Sunday, April 21, 2013

My Favorite Posts (Pt. 1)

I love every post I've written in this blog. Each one took hours to construct and then unmeasured time to incorporate into my life and my leadership style. However I have a few favorites. These are my favorites merely because of how much I learned when I wrote them and how much they have pushed me further into being a No Excuses Leader.

Homeless with Humor
 My opening post holds the theme of humor to handle aspects of adversity--namely funny homeless cardboard signs. These people may dip below the glass being half full but they are surely showing signs of resiliency and hardiness. I try regularly to give small sums to the homeless but more importantly I try and ask how they are doing. The stories of the homeless are often amazing. One of my favorite autobiographies is Land of the Lost Souls: My Life on the Streets by Cadillac Man.  Many people hold strong assumptions about the homeless and try to rationalize why he or she will not give to them.  While these assumptions may or may not be true, if another human being asks in good faith and I can help, I usually will. Mother Theresa wrote this poem that always resonates with me. 

My next favorite post is about Celebrating the Brilliance of Others.  A lot of this program is about learning to be the leader who develops others rather than shouts commands and demands obedience. One way to implement this is to really search for the strengths in others and encourage that growth.  Prior to graduate school I was an adult literacy tutor for 2 years. I worked with the same student and at least initially I realized the bulk of my work was building his self-esteem. He knew how to read fairly well yet he held himself back because there was no one who appreciated his strengths and helped develop them. One thing I miss about tutoring and working with my student is that he kept me humble. He was one of the hardest working and best students I've ever encountered. It took months and months of weekly meetings before he believed me. He taught me to keep humbleness in my life--I am able to do that in part by looking for and genuinely celebrating the brilliance of others.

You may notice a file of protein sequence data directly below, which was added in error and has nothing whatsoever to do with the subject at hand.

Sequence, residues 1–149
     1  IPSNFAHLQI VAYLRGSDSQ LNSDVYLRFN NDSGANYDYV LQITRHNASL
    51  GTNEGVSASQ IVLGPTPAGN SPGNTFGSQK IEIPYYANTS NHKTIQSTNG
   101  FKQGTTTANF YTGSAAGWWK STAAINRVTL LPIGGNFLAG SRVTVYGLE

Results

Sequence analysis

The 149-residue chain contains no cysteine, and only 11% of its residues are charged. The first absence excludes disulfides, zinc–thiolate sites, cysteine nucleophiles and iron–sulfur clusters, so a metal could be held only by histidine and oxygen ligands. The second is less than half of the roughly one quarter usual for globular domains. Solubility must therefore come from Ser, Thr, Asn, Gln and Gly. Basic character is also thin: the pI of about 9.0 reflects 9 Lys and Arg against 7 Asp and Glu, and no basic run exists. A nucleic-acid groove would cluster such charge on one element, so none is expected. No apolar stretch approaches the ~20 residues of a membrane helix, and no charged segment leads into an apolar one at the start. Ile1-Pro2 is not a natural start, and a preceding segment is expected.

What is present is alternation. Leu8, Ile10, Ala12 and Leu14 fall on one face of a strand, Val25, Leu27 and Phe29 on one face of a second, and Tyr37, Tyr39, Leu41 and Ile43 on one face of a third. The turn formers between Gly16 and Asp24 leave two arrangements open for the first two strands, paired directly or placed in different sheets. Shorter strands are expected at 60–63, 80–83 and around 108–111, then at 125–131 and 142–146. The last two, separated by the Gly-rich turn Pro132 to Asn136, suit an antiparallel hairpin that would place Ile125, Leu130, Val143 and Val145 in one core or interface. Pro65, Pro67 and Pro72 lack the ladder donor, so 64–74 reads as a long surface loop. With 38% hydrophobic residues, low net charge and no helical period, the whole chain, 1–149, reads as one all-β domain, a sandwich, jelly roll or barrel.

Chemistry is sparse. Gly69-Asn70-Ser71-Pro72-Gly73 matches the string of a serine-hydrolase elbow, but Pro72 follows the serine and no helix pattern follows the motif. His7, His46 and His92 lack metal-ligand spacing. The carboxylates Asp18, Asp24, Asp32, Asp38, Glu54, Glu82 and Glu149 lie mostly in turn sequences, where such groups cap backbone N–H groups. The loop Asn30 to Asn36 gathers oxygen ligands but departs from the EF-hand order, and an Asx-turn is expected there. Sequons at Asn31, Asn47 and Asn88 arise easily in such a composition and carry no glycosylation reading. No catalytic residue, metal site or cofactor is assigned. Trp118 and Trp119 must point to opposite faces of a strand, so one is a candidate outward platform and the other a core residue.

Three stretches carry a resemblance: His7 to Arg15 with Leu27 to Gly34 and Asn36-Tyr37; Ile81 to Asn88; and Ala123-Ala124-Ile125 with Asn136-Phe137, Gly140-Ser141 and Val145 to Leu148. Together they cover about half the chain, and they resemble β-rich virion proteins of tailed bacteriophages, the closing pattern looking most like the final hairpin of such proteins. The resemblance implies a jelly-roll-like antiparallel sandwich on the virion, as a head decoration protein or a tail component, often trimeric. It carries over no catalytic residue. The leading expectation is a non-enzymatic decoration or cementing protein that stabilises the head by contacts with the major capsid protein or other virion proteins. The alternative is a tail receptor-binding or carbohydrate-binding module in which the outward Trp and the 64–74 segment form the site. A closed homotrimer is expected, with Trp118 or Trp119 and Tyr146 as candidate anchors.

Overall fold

My next favorite post was learning about John Francis and his 17 year vow of Silence. This man would help me redefine my definition of environmentalism to include the climate of human behavior. He would also help me explore my research design on silence. I have so much more to learn about silence but I've found it tremendously useful to conscientiously close my mouth, open my ears and fully listen to the person who is speaking to me. In most cases I do not attempt to multitask (studies are finding that like anger this trick lowers your IQ by up to 10 points). I believe embracing silence has helped me to be even more calm, silence my ego and accomplish more in less time.

These are my first three favorite posts for philosophy and action-based development.  Also, when I opened this blog I was willing to struggle for growth; I no longer feel that is necessary. I release that need and replace it with the notion that growth can be achieved by other means.

Friday, April 12, 2013

Confucius says...

China Forbidden City Dragon
The required, abridged and tailored text briefly highlights the work of Confucius.  When I saw he was required reading I replayed in my mind all the things I knew about him: He is a revered leader from ancient China; He created well-defined rules of etiquette (it's rude to have guests slice their own food--hence everything should be served in bite-size portions) and frankly that's all I knew about him.  I lived a year in Japan and spent two months in Korea. I loved  both places and the people in them. But I've never been interested in China. No wonder I knew so little. After my glimpse into the teachings of Lao Tzu which I could relate to a little more because of a basic familiarity with Daoism, I realized I had a lot to learn about China's leaders.